“We are now entering 2022, and employers who have gone through two years of disruption are re-building and need to ensure that disability inclusion is at the heart of their agendas. What the research shows us today, is that whilst many companies are striving to do just this, we still have a lack of representation and businesses still have a long way to shift the dial truly and irreversibly on disability inclusion. 18% of the UK population have a disability and they need to be seen and heard.
“But more than this – we need to strive to fundamentally transform the global business system and fight for an inclusive society. At some point in our lives, every single one of us will experience disability and we all have a responsibility to make humanity function better.”
Paul Polman, Chairman of the Valuable 500, commented:
“Having a diverse and inclusive workforce is a powerful driver for improved company performance, and this must extend to including people with disabilities. It’s not only the right thing to do, but also the smart and profitable thing to do for any business leaders looking to unlock talent, boost innovation and build a culture of trust, respect and inclusion throughout the company.
“We’ve seen progress in recent years as the biggest business groups across the globe have signed up to disability inclusion commitments through the Valuable 500. 2022 must bring faster action to close the disability employment gap once and for all.”
Director of Communications, the Valuable 500
Notes to Editors
About the Valuable 500
Valuable was launched by social entrepreneur and activist Caroline Casey at One Young World 2017 in Bogota, Colombia and the inception of the Valuable 500 was announced at the World Economic Forum Annual Meeting in January 2019. Today the Valuable 500 is the largest community of Global CEOs committed to disability inclusion in business.
Since its creation, the Valuable 500 has achieved its initial goal of persuading 500 multinational organisations to make a public commitment to disability inclusion in their organisation, igniting a historic global movement for a new age of diversity in business. The Valuable 500 and their global impact partner The Nippon Foundation, will be working closely with the World Economic Forum and International Disability Alliance – bringing together a leading philanthropic organisation with the most prestigious global business network and the voice of the global disability community.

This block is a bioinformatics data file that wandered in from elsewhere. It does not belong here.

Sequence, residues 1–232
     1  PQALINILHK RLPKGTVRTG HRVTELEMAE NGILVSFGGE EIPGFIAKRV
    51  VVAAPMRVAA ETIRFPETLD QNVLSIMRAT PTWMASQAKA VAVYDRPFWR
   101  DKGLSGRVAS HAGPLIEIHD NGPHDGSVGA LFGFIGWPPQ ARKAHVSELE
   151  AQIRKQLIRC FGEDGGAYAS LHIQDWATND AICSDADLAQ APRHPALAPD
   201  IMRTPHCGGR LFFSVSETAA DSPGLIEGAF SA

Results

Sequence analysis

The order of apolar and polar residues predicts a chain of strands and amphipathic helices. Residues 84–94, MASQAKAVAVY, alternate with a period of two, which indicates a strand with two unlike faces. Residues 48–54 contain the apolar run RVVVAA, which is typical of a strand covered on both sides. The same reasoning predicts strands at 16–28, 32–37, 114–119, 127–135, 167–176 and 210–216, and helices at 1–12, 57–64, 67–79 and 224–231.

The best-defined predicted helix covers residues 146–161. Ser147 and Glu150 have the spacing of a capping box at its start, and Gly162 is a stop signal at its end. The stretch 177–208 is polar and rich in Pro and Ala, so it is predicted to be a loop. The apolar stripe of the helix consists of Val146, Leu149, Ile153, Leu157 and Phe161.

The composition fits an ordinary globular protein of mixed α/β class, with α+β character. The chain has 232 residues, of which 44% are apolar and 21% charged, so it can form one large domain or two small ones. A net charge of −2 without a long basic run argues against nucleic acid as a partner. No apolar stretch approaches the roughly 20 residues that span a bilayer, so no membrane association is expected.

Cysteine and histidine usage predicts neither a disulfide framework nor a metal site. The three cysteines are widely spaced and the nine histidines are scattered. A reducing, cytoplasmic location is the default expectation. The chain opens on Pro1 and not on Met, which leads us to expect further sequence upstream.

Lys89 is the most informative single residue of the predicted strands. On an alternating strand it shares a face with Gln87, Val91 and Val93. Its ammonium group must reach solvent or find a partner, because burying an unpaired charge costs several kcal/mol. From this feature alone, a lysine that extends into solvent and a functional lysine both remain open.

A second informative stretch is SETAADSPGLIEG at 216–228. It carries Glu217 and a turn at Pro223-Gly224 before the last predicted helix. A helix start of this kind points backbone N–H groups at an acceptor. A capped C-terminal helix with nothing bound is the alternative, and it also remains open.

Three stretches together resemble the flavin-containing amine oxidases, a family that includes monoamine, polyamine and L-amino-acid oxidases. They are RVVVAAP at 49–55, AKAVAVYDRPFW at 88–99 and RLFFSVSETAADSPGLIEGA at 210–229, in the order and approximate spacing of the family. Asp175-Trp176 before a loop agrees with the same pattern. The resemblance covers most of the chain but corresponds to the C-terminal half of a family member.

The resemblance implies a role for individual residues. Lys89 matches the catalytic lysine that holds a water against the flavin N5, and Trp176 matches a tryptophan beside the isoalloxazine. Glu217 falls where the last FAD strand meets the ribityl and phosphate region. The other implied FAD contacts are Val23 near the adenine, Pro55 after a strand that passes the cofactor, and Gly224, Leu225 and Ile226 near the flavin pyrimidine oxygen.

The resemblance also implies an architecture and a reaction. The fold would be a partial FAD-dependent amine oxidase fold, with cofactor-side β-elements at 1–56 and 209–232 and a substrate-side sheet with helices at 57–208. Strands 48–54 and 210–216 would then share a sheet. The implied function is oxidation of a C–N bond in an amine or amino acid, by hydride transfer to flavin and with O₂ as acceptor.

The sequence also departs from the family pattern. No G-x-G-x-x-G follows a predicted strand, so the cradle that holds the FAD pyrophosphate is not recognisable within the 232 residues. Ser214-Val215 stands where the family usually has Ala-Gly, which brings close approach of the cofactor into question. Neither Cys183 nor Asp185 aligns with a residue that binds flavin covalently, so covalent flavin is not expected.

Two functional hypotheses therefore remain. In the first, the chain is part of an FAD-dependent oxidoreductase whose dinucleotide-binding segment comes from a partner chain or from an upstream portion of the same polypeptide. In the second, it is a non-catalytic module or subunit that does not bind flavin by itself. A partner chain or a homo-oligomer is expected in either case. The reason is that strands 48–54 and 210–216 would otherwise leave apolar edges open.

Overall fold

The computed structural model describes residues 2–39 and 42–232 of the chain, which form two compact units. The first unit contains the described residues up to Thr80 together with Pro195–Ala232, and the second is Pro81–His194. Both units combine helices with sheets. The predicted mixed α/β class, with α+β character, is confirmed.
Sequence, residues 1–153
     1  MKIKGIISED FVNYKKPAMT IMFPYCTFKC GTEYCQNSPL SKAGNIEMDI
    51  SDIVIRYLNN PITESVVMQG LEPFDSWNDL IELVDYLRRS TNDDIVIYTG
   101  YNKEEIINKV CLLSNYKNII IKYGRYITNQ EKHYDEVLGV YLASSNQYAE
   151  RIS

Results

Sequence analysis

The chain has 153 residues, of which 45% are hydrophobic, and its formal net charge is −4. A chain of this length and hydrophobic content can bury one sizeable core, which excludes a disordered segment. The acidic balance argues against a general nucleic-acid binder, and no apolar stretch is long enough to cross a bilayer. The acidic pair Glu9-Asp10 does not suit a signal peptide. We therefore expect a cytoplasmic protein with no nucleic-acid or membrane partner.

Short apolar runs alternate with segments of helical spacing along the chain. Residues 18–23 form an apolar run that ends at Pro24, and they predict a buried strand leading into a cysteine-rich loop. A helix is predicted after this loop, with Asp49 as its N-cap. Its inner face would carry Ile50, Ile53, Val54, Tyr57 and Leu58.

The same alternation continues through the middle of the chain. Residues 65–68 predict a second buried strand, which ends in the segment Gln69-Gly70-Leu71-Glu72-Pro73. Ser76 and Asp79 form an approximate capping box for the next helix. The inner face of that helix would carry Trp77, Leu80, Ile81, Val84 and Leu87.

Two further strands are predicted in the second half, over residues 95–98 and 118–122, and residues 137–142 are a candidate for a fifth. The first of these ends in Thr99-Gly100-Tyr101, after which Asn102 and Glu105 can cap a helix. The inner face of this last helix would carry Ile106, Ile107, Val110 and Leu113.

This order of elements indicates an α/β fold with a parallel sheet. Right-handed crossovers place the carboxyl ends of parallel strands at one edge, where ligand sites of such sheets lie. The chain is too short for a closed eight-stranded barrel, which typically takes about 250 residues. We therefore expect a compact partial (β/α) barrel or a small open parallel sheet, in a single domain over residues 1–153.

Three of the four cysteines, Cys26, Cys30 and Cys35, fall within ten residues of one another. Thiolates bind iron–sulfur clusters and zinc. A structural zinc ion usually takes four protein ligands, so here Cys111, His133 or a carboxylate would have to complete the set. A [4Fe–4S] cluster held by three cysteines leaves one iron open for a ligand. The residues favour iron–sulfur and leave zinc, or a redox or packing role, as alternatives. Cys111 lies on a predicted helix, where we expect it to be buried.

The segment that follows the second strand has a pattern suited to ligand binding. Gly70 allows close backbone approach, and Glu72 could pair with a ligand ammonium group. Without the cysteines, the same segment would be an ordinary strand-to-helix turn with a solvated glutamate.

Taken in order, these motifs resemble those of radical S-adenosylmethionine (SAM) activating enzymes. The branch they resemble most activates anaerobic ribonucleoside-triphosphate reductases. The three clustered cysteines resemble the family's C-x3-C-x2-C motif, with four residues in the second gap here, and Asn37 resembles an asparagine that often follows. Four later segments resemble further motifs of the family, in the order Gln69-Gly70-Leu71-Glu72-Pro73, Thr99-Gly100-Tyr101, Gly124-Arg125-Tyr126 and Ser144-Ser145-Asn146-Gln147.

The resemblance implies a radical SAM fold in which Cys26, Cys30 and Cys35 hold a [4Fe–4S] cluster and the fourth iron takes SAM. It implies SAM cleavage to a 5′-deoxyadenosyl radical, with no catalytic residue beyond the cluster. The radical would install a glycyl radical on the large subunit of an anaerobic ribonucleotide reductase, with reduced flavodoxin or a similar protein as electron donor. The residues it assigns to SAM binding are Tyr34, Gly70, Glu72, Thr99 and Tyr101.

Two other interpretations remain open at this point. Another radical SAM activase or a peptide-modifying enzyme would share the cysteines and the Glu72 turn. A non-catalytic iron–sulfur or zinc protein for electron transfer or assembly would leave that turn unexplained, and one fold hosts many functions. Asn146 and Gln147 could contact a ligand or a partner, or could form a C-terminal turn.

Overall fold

By engaging with the world’s most influential business leaders and brands, the network now has a combined revenue of over $8 trillion and employs a staggering 22 million people worldwide. Its members include 13 global CEOs and companies who will be spearheading the programmes and services to be offered under Phase 2 of the campaign, which will be activated through global disability surveys, disability trend reports and an executive disability resource hub.
After reaching this important milestone, the Valuable 500 is determined to create a community that supports and empowers its 500 members to systematically transform their businesses, so they include the 1.3 billion people living with disabilities worldwide, thereby unlocking their business, social and economic potential.